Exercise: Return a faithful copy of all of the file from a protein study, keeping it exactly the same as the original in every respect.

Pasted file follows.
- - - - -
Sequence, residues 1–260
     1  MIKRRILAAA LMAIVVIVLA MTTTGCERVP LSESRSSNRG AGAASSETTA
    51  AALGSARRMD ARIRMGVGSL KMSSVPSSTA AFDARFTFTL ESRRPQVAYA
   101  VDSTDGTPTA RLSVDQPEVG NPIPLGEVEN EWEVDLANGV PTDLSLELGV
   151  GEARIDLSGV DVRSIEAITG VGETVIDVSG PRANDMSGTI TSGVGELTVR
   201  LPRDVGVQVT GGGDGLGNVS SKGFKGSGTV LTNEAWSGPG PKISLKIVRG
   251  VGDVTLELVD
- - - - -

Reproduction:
Sequence, residues 1–260
     1  MIKRRILAAA LMAIVVIVLA MTTTGCERVP LSESRSSNRG AGAASSETTA
    51  AALGSARRMD ARIRMGVGSL KMSSVPSSTA AFDARFTFTL ESRRPQVAYA
   101  VDSTDGTPTA RLSVDQPEVG NPIPLGEVEN EWEVDLANGV PTDLSLELGV
   151  GEARIDLSGV DVRSIEAITG VGETVIDVSG PRANDMSGTI TSGVGELTVR
   201  LPRDVGVQVT GGGDGLGNVS SKGFKGSGTV LTNEAWSGPG PKISLKIVRG
   251  VGDVTLELVD